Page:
The High Court Judge’s decision related to the Judicial Review of the Secretary of State’s decision to grant unitary status to Exeter and Norwich, has led to calls for the county council to deliver a new deal for the city. The Judicial Review case was brought by Devon County Council (jointly with Norfolk County Council who opposed the Norwich unitary).
The judgement by Mr Justice Ouseley in the High Court declared the Secretary of State’s decision in February as unlawful. The judge has refused leave to appeal against his ruling. He will make a decision on how his judgement should be implemented some time next week after considering further submissions from the parties involved.
Council Leader, Adrian Fullam, said: “We will continue to work within the two-tier system. However, we believe that there needs to be a fundamental renegotiation of our relationship with the county council. We believe that this new relationship should properly reflect the special position of the city in driving economic growth for Devon and the unique challenges we face as the major urban centre.”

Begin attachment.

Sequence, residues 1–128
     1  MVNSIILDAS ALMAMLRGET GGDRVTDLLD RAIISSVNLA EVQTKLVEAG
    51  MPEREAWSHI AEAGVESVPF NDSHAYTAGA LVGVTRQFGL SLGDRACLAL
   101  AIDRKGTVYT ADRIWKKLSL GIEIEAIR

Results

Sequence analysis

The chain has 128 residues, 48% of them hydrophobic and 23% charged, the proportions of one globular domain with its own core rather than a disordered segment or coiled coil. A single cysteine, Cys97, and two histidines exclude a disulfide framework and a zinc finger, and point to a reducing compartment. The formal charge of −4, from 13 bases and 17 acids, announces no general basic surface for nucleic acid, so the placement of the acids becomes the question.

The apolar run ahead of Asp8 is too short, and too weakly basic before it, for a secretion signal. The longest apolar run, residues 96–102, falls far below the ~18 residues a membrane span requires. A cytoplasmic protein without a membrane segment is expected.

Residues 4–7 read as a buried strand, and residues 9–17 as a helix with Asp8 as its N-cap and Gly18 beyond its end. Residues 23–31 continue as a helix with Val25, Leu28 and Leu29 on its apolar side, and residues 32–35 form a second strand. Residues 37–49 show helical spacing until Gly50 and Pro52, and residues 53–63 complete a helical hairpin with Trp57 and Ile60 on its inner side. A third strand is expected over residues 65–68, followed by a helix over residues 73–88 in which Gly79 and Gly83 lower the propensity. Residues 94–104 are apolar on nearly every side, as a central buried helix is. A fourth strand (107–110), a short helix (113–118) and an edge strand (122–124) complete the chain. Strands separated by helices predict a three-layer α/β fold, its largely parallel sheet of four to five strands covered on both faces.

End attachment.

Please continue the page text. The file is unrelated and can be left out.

Chair of the Local Government review Committee, Cllr Pete Edwards, added: “We accept that the process that kept us hanging on for nearly four years was far from ideal but we still feel unitary is the right decision. There is a real need to focus on the special and different challenges the city has compared with rural Devon. Devon County Council fought us all the way to hold onto the city, now they need to deliver a new deal for local people with better services, proper investment in facilities and improved democratic accountability.”
Derek Philips, chair of the Exeter Chamber of Commerce backed the call saying: “The business community firmly believed that a unitary council would be better for the economy by having a clear focus on the urban needs of Exeter. If we don’t have a unitary we certainly need the county council to properly recognise the key strategic importance of the city and give it appropriate status in its structures.”
Although the judgement itself is final Mr Justice Ouseley has allowed more time to see if a solution can be found to the predicament faced by the councillors who would have been up for election in May 2010 but who had their year of office extended until next May by the Order that created a unitary council for Exeter. The parties concerned will be making urgent representations to the judge on this issue over the next week or so. If the judge is unable or unwilling to do anything other than totally quash the Exeter Unitary Order then the councillors concerned will find themselves out of office pending the holding of urgent elections during the summer.
(from a press release)